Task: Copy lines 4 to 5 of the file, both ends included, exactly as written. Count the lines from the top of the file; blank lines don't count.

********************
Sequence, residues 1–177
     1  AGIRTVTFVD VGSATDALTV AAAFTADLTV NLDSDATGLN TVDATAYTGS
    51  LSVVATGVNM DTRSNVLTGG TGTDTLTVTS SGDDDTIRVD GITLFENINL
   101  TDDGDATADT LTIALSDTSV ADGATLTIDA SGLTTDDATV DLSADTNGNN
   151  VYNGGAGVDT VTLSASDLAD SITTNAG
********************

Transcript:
   101  TDDGDATADT LTIALSDTSV ADGATLTIDA SGLTTDDATV DLSADTNGNN
   151  VYNGGAGVDT VTLSASDLAD SITTNAG